The Biden campaign is setting up a drive-in movie theater-style watch party outside the venue where he will deliver his acceptance speech. President Donald Trump argued that Joe Biden “abandoned" his hometown at age 10. And Biden’s son Hunter Biden will appear on the convention stage.
There are 75 days until the election.
Biden’s campaign has built up a drive-in movie theater-style watch party outside the Wilmington, Delaware, venue where he will deliver his speech accepting the Democratic nomination on Thursday night.
While the Chase Center will be closed to the public as a precaution against coronavirus, about 100 cars were allowed to participate in the invitation-only event in the parking lot outside.
They began gathering at sunset with advance staff passing out signs that read “Biden-Harris," “watching from Delaware" and “Dr. B," a tribute to Jill Biden. When Jill Biden herself made an appearance just after 8 p.m. as she walked by, supporters blasted their horns for her.
There were also drive-in watch parties slated for New Hampshire, Virginia, Pennsylvania, Wisconsin and Iowa, the Biden campaign said. -- Jennifer Epstein
Trump argued again Thursday that Biden “abandoned" his oft-cited hometown of Scranton by moving away at age 10.
At a campaign event outside the city, Trump said that Biden will likely talk about the city in his remarks at the Democratic convention Thursday.
“I’m sure that he’ll just knock ‘em dead, and he’ll remind us that he was born in Scranton. But you know he left, like 70 years ago," he said, adding “He abandoned Scranton!"
The visit came on the day that Biden will accept the Democratic nomination, a day when the convention features gauzy biographical videos about its nominee.
Biden was born in Scranton in 1942 and his family lived there until 1953, when they moved to Wilmington, Delaware, so his father could find work. Biden wrote in his autobiography, “Promises to Keep," that it “felt like leaving home."
In his speeches, Biden often uses Scranton as a touchstone, arguing that his policies will be “laser focused on working families" like his middle-class neighbors growing up.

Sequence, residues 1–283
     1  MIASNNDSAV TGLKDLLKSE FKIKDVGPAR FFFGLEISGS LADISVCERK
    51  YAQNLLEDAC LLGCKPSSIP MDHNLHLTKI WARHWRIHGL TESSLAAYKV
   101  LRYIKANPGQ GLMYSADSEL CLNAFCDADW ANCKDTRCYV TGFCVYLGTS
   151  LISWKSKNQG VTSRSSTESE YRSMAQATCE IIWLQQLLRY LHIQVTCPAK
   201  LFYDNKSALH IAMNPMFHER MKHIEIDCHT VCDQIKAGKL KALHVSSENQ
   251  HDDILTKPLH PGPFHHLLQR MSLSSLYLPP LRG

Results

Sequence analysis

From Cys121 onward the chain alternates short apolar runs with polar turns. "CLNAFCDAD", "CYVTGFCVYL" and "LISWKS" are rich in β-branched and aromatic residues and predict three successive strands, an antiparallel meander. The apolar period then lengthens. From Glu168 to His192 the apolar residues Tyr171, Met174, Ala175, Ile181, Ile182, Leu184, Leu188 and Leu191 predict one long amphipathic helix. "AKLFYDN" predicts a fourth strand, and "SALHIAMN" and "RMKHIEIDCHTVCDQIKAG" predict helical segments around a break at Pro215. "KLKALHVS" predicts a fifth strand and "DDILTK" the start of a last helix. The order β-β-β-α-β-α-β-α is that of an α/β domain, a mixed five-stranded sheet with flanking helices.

Biden’s son, Hunter Biden, will be among the many family members on the convention stage tonight, in his first major public appearance since being at the center of a political storm earlier this year.
President Donald Trump repeatedly sought to cast Hunter Biden’s involvement with a Ukrainian natural gas producer as nefarious, pressing the president of Ukraine to announce an investigation, a move that led to Trump’s own impeachment and acquittal.
Undeterred, Trump has repeatedly brought up Hunter Biden in recent months as he sought to undermine Biden’s campaign "with unsubstantiated charges, some discredited, against him and his son.
Trump’s campaign on Thursday released a two-minute digital ad targeting Hunter Biden’s dealings with China.
The Republican National Committee brought in 55.3 million in July, part of a $169.3 million haul for President Donald Trump’s re-election effort.
The RNC ended the month with $109 million in the bank, according to figures it released to The Hill, putting Trump’s total war chest at more than $300 million. Biden and the Democratic National Committee announced earlier that they had $294 million cash on hand after raising $140 million in July.
While Biden and the DNC have closed the cash gap -- Trump’s re-election effort had $155 million more in the bank as recently at the end of April -- they did so in part by spending less. The Democrats spent roughly $88 million in July compared with $160 million for Trump and the RNC, based on figures both campaigns released. Presidential campaigns, party committees and most super PACs are due to file detailed reports on their fundraising and spending to the Federal Election Commission on Thursday.
The RNC is spending big on its data-driven ground game, which it’s relying on to get voters to support Trump and Republicans up and down the ballot, according to a statement from Chairwoman Ronna McDaniel, who added that the July numbers show the strength of the grassroots support for Trump.
This story has been published from a wire agency feed without modifications to the text. Only the headline has been changed.